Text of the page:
Common misconceptions of eyecare schemes
Today marks the end of the second annual Eye Health Week, hosted by Vision Matters. Over the week we’ve looked at various aspects of employee eyecare and to finish, I would like to cover some of the common myths around voucher schemes.
They are only for large companies
Not true. Regardless of the size of an organisation, an employers’ obligation and the need to reduce the impact of the VDU will remain the same. Whether you employee 2 or 2,000 people, you need to make sure you meet compliance issues.
Money on unused vouchers will be lost
In an ideal situation all vouchers will be used, but we are aware of the difficulties of reaching that sought-after 100% take up rate. Most voucher companies will accept unused vouchers back once they have expired.
You won’t get help promoting the scheme
This certainly isn’t true for Edenred. We will provide posters, wallets, payslips inserts and will volunteer staff to come to any open days to help promote this benefit.
It’s just another layer of administration
Actually, it has the opposite effect. A voucher scheme will reduce the administrative burden for both employers and employees. As we mentioned in our article yesterday (Launching and communicating an eye care voucher scheme), having an eyecare voucher system creates a lot less administration for companies than claiming back the cost of eye tests through expenses.
Many organisations also use invoicing by local opticians. This once again can be very costly as raising payments every time someone has a sight test can easily be avoided by finding a solution where you can pay for the tests in one go and then send people to opticians without ongoing financial administration involved in this simple process.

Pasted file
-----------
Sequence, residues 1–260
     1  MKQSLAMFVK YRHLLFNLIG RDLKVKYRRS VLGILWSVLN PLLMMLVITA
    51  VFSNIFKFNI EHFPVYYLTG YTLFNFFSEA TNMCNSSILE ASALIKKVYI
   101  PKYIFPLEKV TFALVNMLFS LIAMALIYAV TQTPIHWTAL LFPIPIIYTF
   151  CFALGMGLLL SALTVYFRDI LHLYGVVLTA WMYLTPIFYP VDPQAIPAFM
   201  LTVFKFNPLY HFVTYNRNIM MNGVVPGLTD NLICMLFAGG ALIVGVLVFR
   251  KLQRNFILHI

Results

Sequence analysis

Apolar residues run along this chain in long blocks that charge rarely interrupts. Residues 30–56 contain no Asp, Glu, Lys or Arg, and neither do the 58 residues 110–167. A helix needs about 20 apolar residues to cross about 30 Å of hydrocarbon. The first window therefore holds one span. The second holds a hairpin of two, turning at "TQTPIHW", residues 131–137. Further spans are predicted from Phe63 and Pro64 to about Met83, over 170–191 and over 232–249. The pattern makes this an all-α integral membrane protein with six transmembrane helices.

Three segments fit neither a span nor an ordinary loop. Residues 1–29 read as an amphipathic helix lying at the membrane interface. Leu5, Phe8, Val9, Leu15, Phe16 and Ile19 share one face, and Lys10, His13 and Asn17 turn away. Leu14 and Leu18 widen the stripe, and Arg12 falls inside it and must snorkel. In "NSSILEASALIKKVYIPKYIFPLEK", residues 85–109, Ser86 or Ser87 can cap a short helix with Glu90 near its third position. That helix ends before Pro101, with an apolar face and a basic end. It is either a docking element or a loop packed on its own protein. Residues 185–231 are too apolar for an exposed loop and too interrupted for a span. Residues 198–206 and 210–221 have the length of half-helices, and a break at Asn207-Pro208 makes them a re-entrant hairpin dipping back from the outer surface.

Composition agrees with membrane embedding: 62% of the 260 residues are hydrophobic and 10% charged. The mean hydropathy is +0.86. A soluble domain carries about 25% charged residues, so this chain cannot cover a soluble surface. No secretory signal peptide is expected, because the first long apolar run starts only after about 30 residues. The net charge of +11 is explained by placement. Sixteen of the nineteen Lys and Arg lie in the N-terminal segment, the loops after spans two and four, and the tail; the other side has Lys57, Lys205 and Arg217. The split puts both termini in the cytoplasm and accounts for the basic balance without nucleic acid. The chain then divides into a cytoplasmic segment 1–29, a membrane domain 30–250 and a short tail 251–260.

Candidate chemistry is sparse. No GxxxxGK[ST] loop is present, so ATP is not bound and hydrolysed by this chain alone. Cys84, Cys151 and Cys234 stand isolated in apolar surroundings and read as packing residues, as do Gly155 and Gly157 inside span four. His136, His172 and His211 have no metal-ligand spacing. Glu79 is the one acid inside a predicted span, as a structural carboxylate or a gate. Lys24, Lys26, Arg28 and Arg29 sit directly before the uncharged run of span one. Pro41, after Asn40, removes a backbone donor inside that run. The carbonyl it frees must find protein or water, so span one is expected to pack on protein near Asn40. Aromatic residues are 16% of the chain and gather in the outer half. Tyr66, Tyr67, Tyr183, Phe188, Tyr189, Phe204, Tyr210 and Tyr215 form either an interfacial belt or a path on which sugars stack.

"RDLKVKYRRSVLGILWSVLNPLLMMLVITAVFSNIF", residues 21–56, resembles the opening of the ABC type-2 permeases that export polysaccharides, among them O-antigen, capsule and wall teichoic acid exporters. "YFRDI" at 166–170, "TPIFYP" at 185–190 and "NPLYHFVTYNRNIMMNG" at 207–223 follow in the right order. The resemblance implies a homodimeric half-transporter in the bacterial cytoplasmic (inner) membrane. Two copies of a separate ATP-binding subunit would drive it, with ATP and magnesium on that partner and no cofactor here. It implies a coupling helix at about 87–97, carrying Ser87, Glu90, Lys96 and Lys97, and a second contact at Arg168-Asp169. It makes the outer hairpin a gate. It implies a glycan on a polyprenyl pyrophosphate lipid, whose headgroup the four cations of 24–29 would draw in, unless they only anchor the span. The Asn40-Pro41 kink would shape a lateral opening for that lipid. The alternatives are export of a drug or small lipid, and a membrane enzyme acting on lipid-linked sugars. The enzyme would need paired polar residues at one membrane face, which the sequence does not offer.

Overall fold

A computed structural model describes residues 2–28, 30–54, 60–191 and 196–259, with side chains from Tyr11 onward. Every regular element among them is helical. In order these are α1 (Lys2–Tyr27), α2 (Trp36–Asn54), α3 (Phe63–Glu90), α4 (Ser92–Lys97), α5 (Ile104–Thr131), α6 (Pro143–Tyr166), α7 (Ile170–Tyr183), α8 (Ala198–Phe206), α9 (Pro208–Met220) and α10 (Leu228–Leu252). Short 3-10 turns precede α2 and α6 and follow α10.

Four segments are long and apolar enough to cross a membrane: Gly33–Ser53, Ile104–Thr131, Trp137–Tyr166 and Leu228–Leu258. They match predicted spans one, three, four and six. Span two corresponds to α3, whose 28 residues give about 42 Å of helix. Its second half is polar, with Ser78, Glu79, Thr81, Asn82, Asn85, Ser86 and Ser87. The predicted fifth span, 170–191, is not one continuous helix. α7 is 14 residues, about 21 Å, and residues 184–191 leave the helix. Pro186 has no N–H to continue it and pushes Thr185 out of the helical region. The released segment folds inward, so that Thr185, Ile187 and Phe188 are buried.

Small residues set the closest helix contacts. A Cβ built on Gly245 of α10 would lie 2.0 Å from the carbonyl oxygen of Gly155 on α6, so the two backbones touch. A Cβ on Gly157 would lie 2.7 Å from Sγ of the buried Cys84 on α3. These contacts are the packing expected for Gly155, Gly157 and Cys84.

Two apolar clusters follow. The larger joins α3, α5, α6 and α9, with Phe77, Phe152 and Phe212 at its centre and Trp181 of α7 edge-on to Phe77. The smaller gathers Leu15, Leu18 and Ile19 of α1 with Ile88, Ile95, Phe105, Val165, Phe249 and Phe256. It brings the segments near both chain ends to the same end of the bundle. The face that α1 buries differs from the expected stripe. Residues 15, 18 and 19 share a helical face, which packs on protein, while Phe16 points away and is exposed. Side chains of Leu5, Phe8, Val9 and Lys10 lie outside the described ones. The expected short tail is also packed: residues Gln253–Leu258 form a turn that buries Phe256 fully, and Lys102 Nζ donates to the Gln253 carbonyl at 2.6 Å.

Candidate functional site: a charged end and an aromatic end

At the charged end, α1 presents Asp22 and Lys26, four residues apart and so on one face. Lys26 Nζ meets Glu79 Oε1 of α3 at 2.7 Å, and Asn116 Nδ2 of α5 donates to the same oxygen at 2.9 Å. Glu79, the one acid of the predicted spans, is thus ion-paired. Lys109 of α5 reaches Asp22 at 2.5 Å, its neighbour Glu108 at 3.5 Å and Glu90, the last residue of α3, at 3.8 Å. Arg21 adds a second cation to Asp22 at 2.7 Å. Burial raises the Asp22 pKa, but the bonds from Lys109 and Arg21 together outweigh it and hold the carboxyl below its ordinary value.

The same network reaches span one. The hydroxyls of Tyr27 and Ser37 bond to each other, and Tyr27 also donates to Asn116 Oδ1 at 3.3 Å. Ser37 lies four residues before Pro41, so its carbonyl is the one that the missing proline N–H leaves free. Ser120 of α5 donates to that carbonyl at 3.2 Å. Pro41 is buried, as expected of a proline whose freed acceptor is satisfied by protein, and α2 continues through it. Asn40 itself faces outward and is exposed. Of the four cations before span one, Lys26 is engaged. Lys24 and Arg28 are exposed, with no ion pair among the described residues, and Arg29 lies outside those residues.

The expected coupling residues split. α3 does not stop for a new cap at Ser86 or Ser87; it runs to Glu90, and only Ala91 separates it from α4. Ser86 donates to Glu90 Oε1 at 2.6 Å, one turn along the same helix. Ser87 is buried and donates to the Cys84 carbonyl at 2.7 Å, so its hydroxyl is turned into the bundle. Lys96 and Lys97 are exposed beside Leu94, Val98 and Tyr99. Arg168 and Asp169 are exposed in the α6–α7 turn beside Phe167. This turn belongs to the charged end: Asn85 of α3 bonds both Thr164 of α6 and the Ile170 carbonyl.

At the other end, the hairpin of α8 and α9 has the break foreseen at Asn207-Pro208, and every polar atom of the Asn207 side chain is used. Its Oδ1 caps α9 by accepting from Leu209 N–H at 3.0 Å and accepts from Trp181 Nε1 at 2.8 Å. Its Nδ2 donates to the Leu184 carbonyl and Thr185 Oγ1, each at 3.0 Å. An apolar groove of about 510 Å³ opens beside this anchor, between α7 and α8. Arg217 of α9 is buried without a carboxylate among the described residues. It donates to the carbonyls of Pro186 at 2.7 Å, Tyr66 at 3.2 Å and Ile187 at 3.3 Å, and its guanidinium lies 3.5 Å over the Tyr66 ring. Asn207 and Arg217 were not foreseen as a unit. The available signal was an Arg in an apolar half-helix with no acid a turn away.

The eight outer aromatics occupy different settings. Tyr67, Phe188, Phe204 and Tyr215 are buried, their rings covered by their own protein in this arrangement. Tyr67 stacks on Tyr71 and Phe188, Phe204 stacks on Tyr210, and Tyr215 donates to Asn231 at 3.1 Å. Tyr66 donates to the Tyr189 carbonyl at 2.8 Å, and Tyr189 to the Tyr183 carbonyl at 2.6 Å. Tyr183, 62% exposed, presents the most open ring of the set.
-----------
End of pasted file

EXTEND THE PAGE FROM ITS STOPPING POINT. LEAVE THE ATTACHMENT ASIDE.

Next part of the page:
It’s better to have a single deal with opticians
Doing this would involve developing a direct relationship with a local optician or large chain of opticians. As such there are no upfront costs to employees, but they are restricted to using the specified eyecare provider. This could reduce the uptake as employees stick with their current providers or minimise regular eye checkups if the selected provider isn’t local.
The cheapest deal is the best deal
This isn’t always true – it should be about what represents good value for both the organisation and the employees. So a particular deal might be a bargain to the organisation, but it might not offer good value for the employees, such as choice and flexibility, which means they will be less likely to make use of it.
Limiting choice to a single optician can also have a very negative effect on your staff as they feel forced to move away from a trusted optician they may have used for many years. Providing sight tests for staff is an important part of a benefits package and is viewed by staff as such despite it being a compliance scheme, it is important not to devalue this benefit.
For more information on eyecare vouchers schemes take a look at our Developing a Company Eyecare Policy Whitepaper.
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